Posted on January 15, 2020 by Sarah Gluck & Lisa Friedman
Middot Make Mensches
In the September issue of the Shofar, we shared with you that we are expanding our efforts to help our students develop emotional and social skills that will help them understand, express, and manage themselves as they navigate their studies, their relationships, the challenges of daily life, and the complexities of their own growth and development.
The approach we are taking is called Social and Emotional Learning (SEL), and we are addressing it through a Jewish lens, emphasizing Jewish values and character development as we learn about and practice becoming our best selves.
Among the big questions we are asking are:
In the Jewish lexicon, the character traits that contribute to our ability to be good and decent people are called middot. The Hebrew word middah means “measure,” and middot are both divine qualities and character traits of the human soul. Middot also refers to a compendium of virtues intended to provide people with moral and ethical guidance for daily living.
The seven middot we have introduced this year as part of a school wide middot bracelet project are:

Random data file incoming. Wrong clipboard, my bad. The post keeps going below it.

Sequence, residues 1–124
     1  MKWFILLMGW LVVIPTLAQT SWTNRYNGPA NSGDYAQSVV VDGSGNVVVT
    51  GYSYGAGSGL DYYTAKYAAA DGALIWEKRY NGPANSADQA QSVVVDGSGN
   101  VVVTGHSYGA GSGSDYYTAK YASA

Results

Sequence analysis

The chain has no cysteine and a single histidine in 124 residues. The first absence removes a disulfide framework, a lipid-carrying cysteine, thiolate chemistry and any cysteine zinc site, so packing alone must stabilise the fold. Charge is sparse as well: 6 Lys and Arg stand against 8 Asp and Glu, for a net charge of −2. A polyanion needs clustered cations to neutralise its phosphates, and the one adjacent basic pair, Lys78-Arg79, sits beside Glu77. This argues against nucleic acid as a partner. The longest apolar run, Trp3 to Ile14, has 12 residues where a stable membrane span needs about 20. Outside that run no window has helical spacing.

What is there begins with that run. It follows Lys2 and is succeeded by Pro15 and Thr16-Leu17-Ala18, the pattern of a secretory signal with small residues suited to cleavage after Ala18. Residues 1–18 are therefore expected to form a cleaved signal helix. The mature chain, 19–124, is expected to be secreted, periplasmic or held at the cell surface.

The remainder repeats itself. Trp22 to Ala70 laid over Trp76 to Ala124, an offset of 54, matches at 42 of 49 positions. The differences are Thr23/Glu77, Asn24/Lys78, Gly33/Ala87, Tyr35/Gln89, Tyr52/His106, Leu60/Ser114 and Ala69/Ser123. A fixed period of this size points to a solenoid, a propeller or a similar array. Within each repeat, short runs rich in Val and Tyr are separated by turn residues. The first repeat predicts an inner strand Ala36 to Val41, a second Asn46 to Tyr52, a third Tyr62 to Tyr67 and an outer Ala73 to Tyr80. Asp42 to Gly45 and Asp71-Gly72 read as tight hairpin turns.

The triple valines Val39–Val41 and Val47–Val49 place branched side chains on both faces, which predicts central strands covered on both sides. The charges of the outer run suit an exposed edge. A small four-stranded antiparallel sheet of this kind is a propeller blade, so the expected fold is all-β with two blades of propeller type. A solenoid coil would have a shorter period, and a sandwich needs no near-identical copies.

Here’s how it works. Each classroom is supplied with a bin that contains sets of bracelets for the teacher, madrich/ah, and every student. Upon entering the room, everyone chooses a bracelet. At the start of instructional time, our teachers check in with their students, using the bracelets as the prompt: “Does anyone want to share which bracelet they are wearing today and why they chose it?” The teachers and teen madrichim model (but don’t dominate) the conversation. For example:
Take a look at the signs that we have posted in every classroom and ask your kids about their experience so far with the middot bracelets.
The activities, conversations, and experiences that we are having in school and around temple are deepening our understanding of ethical behavior and moral living and helping us make positive, meaningful choices every day. May they help guide us to live in a way that truly reflects the image of God, enabling us to be the good and kind people that Judaism most values.
Sarah Gluck & Lisa Friedman
Originally published in the January-February 2020 issue of the Shofar. For more issues of the Shofar, visit the Shofar archives.